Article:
Every discussion about artificial intelligence seems to alternate between utopia and dystopia. Some believe that the productivity unleashed through automation will lift up all of society, creating
In fact, in an
Yet that's easier said than done. Experienced leaders know that even small, subtle changes can sometimes result in a backlash. Preparing your organization to leverage artificial intelligence has can be especially problematic because the most profound problems are intensely human. Gandhi, although he was no tech enthusiast, can be a good guide on where to start.
Create A Vision For Tomorrow
Gandhi, by all accounts, was a brilliant tactician and strategist. However, he was also much more than a chess player who planned moves a few steps ahead of his adversaries. He had a clear vision of what the future should look like -- "Purna Swaraj" or complete independence from British rule. It was that clear vision that drove his actions and inspired people to follow him.
Martin Luther King Jr., who studied Gandhi closely and was in many ways his disciple, formulated his objectives in a similar way. He wasn't just fighting for the rights of black Americans, but to "make real the promises of democracy" and to "cash the checks" written into the founding documents of our union.
So the first step to building an AI future would be to form a clear vision of what it's supposed to look like. Should AI do our work for us so that we can have more time to seek personal fulfillment? Or is it supposed to augment our abilities so that we can become more productive in our work? Or maybe something else?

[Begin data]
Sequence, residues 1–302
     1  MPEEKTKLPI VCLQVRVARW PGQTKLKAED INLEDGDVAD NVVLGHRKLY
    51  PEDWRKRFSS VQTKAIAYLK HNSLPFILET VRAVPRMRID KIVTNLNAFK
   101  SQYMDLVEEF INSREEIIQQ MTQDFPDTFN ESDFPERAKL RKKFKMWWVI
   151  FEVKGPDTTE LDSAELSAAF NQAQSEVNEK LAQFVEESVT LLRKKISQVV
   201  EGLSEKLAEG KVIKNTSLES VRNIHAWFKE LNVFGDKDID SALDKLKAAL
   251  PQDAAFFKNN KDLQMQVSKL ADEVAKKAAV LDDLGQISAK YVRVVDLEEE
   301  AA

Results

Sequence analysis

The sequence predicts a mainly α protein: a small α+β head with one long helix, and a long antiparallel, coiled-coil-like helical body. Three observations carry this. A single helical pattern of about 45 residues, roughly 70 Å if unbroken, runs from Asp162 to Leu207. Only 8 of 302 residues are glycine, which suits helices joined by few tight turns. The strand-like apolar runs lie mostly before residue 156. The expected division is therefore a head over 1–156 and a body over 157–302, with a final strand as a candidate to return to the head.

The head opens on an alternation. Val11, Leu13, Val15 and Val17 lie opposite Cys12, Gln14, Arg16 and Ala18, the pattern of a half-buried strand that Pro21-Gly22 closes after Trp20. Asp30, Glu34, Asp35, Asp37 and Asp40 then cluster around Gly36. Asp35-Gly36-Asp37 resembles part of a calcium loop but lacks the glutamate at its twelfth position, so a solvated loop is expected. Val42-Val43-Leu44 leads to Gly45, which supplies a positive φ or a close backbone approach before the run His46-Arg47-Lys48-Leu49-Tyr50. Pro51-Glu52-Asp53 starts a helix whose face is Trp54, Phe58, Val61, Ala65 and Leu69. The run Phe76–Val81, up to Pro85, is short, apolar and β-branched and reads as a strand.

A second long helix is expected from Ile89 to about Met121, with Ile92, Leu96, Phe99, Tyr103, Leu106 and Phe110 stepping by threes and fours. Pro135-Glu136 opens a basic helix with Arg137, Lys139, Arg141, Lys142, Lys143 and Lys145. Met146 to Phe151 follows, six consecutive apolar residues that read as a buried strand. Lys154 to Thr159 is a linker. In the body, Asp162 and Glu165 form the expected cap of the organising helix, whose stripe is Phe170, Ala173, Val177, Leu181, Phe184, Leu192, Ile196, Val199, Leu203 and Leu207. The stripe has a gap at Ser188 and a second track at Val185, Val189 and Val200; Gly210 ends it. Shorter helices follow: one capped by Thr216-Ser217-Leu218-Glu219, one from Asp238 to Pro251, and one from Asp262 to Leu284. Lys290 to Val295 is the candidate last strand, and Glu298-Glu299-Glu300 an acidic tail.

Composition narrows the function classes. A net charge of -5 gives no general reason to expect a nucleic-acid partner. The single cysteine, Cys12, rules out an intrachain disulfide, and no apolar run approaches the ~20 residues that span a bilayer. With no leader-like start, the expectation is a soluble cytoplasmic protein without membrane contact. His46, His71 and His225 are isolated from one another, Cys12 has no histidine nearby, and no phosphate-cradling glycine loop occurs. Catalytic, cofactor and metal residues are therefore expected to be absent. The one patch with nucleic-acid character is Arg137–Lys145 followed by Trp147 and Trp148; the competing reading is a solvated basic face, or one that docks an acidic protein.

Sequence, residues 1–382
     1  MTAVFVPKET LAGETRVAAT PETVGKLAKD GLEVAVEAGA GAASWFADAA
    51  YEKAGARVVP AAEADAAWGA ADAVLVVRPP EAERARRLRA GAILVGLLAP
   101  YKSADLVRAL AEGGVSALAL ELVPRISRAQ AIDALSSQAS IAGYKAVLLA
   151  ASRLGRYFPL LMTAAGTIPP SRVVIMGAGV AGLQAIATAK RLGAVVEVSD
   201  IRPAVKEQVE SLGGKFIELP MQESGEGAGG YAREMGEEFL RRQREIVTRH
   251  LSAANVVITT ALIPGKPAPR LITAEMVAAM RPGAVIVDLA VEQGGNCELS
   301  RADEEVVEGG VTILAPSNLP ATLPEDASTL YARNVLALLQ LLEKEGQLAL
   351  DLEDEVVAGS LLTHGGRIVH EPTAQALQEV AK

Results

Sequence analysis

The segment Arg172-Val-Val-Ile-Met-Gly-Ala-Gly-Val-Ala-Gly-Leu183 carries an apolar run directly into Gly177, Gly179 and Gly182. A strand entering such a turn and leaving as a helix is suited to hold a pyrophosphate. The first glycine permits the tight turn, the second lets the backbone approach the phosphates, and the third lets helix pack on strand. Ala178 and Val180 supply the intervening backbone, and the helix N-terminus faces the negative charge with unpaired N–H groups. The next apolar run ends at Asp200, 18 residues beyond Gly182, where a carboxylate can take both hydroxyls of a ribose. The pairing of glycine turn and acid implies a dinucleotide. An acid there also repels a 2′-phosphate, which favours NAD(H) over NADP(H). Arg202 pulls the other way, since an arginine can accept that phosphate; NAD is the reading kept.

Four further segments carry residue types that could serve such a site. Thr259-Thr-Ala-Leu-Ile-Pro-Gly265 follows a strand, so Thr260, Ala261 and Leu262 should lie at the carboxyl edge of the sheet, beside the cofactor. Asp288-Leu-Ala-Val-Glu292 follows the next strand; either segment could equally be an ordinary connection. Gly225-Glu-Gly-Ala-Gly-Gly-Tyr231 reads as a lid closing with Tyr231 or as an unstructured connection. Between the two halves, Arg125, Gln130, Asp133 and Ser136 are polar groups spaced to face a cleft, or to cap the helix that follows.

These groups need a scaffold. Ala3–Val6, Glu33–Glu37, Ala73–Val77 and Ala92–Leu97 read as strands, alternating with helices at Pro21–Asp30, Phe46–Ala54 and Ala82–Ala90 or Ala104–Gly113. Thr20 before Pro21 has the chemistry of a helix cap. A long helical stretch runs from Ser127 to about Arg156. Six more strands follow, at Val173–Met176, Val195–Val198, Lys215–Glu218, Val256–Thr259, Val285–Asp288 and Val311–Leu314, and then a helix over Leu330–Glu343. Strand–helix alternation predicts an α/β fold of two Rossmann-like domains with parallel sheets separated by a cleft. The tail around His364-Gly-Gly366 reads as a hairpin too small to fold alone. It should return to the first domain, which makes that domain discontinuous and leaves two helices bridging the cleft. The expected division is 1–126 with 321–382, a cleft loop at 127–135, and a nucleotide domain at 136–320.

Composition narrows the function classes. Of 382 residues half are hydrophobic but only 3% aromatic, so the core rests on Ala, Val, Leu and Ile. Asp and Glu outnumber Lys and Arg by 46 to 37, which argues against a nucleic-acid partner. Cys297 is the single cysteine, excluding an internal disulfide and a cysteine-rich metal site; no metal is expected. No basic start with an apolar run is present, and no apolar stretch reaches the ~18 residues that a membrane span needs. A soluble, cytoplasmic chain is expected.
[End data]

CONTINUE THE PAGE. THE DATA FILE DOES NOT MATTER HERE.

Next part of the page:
Listen to just about any AI evangelist today and you'll hear a different vision. Until we have a clear idea of the future we want, we are unlikely to make it happen.
Prepare The Ground
Gandhi cut his teeth as an activist in South Africa, where Indians were a relatively small minority. He was therefore able to build his principles step-by-step and indoctrinate his followers as he went. Yet when he returned to India, he made the mistake of trying to lead an entire nation of diverse attitudes and interests that was not yet indoctrinated in his
Gandhi would come to call this his
We already have a
Today we are already in the process of an AI transformation, with hundreds if not thousands of large-scale implementations. What values should govern these investments? We haven't even begun to work through the basic issues. Are we making a modern version of Gandhi's "Himalayan miscalculation?"
Create A Sense Of Shared Purpose Through A Transformational Project
When, on December 31st, 1929 the Indian National Congress declared self-rule by releasing
So the Mahatma returned to his ashram and emerged after weeks of meditation with an answer. He would
Yet it proved to be an inspired choice. The
Leaders would be wise to take
We've already seen how this approach can be applied in various contexts. Factory workers
Win Over The Losers
There is perhaps no greater testament to Gandhi than the high regard he was held in by his adversaries. The Boer leader
This was no accident. Gandhi took pains to reach out to those who opposed his goals and sought to form a common purpose, without ever losing sight of his objectives. He wasn't fighting to win for winning's sake, but saw his adversaries as partners in a quest for truths that transcended their positions and narrow interests.
The uncomfortable truth is that, as with any transformation, AI will create winners and losers and some accommodation must be found. Bill Gates
What is becoming clear is that as the technological barriers to an AI future fall away, the ones that remain will become more social in nature. It is those that we need to start turning our focus toward now.